Cancer in ovaries is often called the "silent" killer because symptoms only occur when the disease has progressed to an advanced stage and difficult to treat. It is the fourth most common cancer among women, after breast cancer, bowel cancer and lung cancer. Cancer in ovaries is most common in women over the age of 65, although it can affect women of any age.
The exact cause of ovarian cancer is not known. It is by far more common in women who live in developed countries. Probable causative factors include family history, history of endometriosis, early menarche and late menopause. Risk factors which increase the incidence of ovarian cancer include obesity, hormone replacement therapy, and fertility treatment. Incidence of cancer is less in those using contraceptive pill, those who have had children, have breastfed their children, and those who have had hysterectomy.
Ovarian cancer begins in the ovaries. These are small, almond-shaped female reproductive organs are located on either side of the uterus, the ovaries store eggs and are responsible for producing the female hormones estrogen and progesterone. Most ovarian cancers commonly occur in the cells on the surface of the ovaries, known as epithelial cancer. Other types are those that begin in the egg-forming cells (germ-cell cancers) or in the connective tissue of the ovaries called stromal tumors.
Many women do not have symptoms in the early stages of ovarian cancer. Symptoms, if present, include pain or bloated feeling in the abdomen. As the disease progresses, symptoms include:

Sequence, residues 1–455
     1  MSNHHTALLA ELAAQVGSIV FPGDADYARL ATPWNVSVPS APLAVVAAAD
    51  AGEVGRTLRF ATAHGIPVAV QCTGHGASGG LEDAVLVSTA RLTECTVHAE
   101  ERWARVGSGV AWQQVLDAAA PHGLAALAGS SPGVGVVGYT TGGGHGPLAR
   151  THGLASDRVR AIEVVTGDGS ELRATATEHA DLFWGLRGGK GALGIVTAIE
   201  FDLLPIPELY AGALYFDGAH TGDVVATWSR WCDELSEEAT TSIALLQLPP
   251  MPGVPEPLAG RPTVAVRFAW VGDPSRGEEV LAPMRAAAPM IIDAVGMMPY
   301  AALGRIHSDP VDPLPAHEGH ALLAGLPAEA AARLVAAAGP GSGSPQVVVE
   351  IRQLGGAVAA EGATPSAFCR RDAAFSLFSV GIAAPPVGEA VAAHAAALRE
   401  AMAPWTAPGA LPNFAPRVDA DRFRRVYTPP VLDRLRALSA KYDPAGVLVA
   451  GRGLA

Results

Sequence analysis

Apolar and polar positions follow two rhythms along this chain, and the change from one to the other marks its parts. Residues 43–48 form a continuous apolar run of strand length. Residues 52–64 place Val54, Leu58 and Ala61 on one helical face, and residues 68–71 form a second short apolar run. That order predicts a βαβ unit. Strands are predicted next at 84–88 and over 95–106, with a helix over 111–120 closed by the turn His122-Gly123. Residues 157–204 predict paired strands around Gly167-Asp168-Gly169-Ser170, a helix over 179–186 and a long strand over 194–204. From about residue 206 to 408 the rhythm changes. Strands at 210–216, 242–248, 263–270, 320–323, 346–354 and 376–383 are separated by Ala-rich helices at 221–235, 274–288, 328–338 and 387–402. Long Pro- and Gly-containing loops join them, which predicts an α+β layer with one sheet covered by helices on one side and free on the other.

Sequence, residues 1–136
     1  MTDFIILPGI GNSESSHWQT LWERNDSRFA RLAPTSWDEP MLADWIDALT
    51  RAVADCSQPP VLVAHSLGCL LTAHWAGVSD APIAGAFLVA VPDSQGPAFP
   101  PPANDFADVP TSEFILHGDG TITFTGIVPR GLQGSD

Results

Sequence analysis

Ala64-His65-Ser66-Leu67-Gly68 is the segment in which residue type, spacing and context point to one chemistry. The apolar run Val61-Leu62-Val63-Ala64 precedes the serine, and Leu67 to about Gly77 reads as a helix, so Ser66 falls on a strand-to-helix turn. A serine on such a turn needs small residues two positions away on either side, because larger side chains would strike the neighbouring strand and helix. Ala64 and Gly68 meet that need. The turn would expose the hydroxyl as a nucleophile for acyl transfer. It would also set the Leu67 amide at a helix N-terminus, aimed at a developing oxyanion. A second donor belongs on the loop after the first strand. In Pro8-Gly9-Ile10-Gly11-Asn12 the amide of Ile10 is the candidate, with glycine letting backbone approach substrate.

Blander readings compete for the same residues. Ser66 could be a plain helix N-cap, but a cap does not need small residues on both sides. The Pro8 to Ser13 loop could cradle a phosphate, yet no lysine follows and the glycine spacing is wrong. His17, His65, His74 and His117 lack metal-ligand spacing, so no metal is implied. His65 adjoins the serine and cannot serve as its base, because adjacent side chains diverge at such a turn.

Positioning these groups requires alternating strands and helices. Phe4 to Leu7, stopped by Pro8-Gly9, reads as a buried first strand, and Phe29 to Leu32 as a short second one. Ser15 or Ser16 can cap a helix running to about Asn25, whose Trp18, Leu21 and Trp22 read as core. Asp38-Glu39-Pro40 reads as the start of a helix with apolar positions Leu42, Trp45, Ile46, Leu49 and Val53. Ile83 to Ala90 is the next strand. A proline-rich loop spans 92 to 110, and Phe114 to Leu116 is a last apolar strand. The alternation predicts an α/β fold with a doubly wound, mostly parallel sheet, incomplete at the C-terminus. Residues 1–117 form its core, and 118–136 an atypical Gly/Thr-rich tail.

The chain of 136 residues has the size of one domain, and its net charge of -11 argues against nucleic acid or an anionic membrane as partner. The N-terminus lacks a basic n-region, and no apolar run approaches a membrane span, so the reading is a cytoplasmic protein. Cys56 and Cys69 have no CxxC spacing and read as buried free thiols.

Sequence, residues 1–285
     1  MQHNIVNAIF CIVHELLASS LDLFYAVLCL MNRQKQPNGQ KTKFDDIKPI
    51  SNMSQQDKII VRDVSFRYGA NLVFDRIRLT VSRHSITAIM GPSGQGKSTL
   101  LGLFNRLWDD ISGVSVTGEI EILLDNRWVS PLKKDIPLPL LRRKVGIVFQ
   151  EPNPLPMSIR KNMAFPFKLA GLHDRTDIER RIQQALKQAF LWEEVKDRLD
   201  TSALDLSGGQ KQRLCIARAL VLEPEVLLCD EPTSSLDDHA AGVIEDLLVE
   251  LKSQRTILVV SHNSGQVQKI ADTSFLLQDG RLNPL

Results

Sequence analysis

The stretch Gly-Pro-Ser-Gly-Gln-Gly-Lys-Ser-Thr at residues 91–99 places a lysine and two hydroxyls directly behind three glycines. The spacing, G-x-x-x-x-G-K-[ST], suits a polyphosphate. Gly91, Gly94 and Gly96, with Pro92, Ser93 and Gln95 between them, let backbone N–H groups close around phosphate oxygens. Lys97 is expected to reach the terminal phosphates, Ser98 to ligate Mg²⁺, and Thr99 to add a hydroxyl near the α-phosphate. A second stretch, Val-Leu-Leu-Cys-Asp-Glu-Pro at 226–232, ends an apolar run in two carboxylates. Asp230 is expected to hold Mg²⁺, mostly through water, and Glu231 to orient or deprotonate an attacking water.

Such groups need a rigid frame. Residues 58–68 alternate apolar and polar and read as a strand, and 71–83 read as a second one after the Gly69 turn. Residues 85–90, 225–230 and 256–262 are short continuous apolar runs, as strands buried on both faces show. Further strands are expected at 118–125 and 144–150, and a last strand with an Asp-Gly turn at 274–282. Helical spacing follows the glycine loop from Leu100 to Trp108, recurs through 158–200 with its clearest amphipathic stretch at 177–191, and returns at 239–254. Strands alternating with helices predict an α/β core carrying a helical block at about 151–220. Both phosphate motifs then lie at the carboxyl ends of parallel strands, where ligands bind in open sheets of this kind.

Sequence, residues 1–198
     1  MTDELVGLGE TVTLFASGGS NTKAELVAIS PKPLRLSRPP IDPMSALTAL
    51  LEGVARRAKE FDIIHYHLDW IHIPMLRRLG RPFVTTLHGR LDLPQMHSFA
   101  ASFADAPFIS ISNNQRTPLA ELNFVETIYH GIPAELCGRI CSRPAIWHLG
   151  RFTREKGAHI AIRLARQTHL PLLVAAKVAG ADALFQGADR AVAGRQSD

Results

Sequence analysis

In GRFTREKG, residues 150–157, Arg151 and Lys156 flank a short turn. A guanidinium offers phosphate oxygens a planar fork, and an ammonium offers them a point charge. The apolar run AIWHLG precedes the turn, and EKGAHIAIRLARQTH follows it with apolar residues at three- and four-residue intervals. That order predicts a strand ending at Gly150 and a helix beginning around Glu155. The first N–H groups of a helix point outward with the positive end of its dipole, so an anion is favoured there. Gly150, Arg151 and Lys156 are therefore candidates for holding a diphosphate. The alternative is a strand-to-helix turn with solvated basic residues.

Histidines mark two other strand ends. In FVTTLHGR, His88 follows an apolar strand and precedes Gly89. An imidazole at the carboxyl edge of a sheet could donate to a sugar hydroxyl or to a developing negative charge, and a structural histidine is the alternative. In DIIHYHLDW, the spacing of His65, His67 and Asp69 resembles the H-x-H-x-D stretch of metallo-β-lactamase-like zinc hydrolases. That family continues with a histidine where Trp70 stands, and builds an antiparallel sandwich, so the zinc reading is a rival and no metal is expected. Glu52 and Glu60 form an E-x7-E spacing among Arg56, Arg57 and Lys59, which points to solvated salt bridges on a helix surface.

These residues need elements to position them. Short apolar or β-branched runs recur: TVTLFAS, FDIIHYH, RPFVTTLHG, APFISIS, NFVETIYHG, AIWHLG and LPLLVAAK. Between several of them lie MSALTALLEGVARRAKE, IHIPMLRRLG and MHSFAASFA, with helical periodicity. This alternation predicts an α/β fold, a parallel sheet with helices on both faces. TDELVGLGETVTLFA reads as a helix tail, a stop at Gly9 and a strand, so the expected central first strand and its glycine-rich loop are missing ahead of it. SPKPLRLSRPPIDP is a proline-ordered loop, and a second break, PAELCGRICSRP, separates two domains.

- loss of appetite
- unexplained weight gain
- swelling in the abdomen
- abnormal vaginal bleeding
- pain during sex
- changes in bowel or bladder habits - constipation, diarrhea, or frequent urination.
A pelvic exam, ultrasound, CT scan, MRI, and a blood test for a protein called CA125 which can be high in some cancers, are usually ordered to diagnose the problem. The doctor may look at the internal organs through a fiber-optic tube called laparoscope. A biopsy may be performed of a sample tissue. Abdominal fluid may be aspirated to look for cancer cells. Treatment depends on the exact type of ovarian cancer and how far it has spread. Almost all women require surgery which would involve removal of the ovary, fallopian tubes, uterus, and nearby lymph nodes depending on how far the cancer has advanced. After surgery, women with ovarian cancer will be offered chemotherapy to destroy any remaining cancer cells. Chemotherapy involves treatment with drugs that disrupt the growth of cancer cells. These include carboplatin and paclitaxel (Taxol), either taken alone or both together. Chemotherapy can have side-effects which will be explained by the doctor.
Along with conventional treatment of cancer in the ovaries, holistic medicine is also extremely useful. It will help control symptoms, side effects of chemotherapy and prevent relapse of the cancer while being safe, cheap, and effective.